DP14542 Export Booms and Labor Coercion: Evidence from the Lancashire Cotton Famine
|Publication Date:||March 2020|
|Keyword(s):||Cotton, Globalization, Labor coercion, Labor scarcity, Slavery|
|JEL(s):||F16, J47, N35|
|Programme Areas:||International Trade and Regional Economics, Economic History|
|Link to this Page:||cepr.org/active/publications/discussion_papers/dp.php?dpno=14542|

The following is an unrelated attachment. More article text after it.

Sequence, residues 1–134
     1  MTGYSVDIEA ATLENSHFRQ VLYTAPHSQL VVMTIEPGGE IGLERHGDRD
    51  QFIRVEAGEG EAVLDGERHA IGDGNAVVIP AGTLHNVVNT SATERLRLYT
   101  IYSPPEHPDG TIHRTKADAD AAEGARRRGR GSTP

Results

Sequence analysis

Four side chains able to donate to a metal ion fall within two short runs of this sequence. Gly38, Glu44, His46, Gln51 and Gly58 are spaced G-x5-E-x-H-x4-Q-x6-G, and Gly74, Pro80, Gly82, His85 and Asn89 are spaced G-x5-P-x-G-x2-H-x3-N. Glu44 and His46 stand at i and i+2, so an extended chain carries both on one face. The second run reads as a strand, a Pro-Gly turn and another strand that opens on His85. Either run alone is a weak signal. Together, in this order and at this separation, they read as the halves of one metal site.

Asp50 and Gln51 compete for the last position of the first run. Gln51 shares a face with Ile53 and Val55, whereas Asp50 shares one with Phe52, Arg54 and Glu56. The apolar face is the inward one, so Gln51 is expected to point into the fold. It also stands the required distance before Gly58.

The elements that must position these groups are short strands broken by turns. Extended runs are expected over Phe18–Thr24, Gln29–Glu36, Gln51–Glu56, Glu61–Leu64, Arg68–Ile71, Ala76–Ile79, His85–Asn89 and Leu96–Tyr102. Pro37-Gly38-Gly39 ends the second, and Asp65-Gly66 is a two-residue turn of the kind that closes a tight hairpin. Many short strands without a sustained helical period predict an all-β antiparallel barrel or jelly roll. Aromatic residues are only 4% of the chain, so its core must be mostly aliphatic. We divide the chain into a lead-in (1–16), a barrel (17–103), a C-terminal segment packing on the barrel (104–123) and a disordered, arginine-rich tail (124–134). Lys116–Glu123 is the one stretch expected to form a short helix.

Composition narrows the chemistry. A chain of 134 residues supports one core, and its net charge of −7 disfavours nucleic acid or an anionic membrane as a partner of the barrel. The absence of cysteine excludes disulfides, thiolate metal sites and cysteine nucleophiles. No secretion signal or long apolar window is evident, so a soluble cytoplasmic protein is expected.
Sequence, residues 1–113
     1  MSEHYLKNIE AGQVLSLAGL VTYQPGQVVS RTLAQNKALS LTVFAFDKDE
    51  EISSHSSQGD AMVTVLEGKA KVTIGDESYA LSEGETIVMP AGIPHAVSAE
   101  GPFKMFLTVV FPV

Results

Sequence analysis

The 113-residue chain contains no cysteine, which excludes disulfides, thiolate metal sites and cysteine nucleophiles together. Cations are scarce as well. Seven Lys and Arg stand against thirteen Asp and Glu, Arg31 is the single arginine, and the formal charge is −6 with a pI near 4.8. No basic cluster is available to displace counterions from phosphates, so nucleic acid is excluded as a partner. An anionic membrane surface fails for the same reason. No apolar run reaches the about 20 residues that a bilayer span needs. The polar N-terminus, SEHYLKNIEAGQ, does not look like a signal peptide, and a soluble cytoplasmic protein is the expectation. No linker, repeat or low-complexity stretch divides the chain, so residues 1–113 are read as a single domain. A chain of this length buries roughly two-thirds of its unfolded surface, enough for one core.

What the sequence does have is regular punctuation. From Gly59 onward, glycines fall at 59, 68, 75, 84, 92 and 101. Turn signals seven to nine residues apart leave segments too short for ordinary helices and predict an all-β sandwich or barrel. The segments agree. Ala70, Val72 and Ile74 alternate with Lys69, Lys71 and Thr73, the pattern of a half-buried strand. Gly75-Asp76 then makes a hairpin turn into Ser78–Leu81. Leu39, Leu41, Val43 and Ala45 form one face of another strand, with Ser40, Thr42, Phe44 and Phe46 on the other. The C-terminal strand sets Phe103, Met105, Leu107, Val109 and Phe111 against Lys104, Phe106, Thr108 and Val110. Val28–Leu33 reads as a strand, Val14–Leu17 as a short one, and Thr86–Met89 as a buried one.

Price booms in labor-intensive exports are expected to benefit labor. The surging demand for labor can increase labor coercion, though, if labor is relatively scarce. Using a unique natural experiment, the Lancashire cotton famine in 1861-1865 that prompted Egypt to quadruple its cotton output, and a novel data source, Egypt's population censuses of 1848 and 1868, I document that the cotton famine had a positive impact on labor coercion in rural Egypt. Agricultural slavery emerged, with an influx of imported slaves from Sudan. Owners of large estates confiscated areas with larger (non-slave) local populations. It also had a positive impact on the non-coercive employment in agriculture of local labor. I explain these findings by the scarcity of local labor relative to cotton expansion, and by large landholders' exclusive right to coerce local labor. The findings accentuate the far-reaching unintended consequences of globalization on labor in poorer economies.